Team Blog

What makes an Olympic sport?

OlympicSports, by Kieran Healy.

Sociologist Kieran Healy posted this fun diagram on the Crooked Timber blog, a two dimensional model of Olympics sports by whether they are good (or bad) sports, and whether they belong in the Olympics (or not). Along with making me laugh, the diagram made me think of what makes a sport appropriate for the Olympics, and why we have these particular sports and not others.

For an activity to be a sport it needs to be organised/have rules, involve skillful use of the body, and be competitive (have winners and losers). On top of these criteria, sport is fundamentally organised through social processes that shape who gets to play and the resources and value afforded it. These social processes affect different activities/sports in different ways. And they affect which sports are part of the Olympics.

Given these criteria it is clear that lots of activities that we don’t normally consider to be sport could be included. Things like tug-of-war and ultimate Frisbee might be sports depending on the context (indeed it seems that tug-of-war was once upon a time an Olympic sport). Whether they become Olympic sports is down to the power of those advocating their ascension, and the power of those who are against them.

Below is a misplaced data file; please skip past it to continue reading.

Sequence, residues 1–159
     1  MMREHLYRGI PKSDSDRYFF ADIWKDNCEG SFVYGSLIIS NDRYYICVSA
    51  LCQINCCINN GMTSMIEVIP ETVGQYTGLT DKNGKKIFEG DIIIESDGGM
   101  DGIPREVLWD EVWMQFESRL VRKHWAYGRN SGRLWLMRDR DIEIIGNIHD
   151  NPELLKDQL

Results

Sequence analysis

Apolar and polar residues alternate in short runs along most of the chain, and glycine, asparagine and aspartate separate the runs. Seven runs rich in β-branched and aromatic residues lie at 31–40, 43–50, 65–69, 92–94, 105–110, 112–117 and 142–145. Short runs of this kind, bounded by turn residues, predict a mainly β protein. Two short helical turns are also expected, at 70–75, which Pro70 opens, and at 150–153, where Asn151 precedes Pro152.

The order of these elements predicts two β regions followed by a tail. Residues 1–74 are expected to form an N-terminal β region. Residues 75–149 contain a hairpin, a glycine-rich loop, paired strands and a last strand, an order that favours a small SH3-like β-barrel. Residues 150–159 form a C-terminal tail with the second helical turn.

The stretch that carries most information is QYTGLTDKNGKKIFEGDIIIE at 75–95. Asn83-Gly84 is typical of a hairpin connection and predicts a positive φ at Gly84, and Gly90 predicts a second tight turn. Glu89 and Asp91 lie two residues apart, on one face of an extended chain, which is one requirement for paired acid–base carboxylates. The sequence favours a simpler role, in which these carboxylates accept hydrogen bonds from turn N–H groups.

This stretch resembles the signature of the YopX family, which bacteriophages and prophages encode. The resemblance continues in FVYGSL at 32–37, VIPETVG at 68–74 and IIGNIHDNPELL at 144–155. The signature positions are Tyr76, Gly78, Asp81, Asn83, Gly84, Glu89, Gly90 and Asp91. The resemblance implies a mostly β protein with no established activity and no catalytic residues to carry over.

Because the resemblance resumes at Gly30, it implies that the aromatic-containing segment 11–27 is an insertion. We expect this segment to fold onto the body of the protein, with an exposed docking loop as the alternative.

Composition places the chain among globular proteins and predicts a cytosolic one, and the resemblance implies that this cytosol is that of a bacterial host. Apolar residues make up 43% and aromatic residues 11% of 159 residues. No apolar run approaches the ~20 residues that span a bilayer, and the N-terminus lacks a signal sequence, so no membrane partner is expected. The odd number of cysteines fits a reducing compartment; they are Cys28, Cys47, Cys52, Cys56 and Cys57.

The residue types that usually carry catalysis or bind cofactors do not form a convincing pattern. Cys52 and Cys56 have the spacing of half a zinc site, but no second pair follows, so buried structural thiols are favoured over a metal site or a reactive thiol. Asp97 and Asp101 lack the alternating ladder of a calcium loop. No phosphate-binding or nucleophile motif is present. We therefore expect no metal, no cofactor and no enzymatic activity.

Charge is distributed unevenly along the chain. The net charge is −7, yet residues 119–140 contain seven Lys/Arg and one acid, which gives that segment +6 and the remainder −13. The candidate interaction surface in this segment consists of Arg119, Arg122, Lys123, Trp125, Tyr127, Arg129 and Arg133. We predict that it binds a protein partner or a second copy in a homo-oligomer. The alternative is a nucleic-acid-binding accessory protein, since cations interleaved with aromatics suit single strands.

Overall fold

For a sport to become Olympic, it needs to be institutionalised (i.e., have an international governance body) and it needs to have a broad following around the world. It also needs to meet criteria set by the International Olympic Committee. So although Australian football is an excellent sport, it wouldn’t meet the criteria as its not widely played around the world.

The current Olympic sports are a somewhat odd mix, and are there due to historical circumstances and various power relations. All nine original modern Olympic sports (athletics, cycling, fencing, gymnastics, swimming, shooting, tennis weightlifting, and wrestling) are still included today. However others, such as golf and polo, have come and gone. And many newer sports are not included. For example, skateboarding has long been mooted as a potential Olympic sport, but its inclusion has successfully been resisted. However its alpine cousin, snowboarding, is part of the Winter Olympics. Some artistic events (e.g., synchronised swimming and diving, rhythmic gymnastics) are included, while others (e.g., ballroom dancing) are not. All the activities I’ve mentioned so far meet the criteria for being a sport, and all have International Federations the govern them and substantial global followings.

If I were to add a sport to the Olympics, I’d strongly consider skateboarding. What would you take out or add in?

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